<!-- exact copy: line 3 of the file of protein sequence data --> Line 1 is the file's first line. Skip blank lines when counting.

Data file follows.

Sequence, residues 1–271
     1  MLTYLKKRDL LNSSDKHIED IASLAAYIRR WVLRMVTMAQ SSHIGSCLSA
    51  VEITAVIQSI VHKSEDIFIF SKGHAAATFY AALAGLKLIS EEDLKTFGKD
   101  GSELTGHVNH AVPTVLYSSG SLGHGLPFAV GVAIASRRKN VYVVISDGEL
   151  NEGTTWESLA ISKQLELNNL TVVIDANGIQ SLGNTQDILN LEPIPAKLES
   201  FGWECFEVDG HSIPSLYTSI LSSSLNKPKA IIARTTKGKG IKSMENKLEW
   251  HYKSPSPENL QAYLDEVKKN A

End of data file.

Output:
    51  VEITAVIQSI VHKSEDIFIF SKGHAAATFY AALAGLKLIS EEDLKTFGKD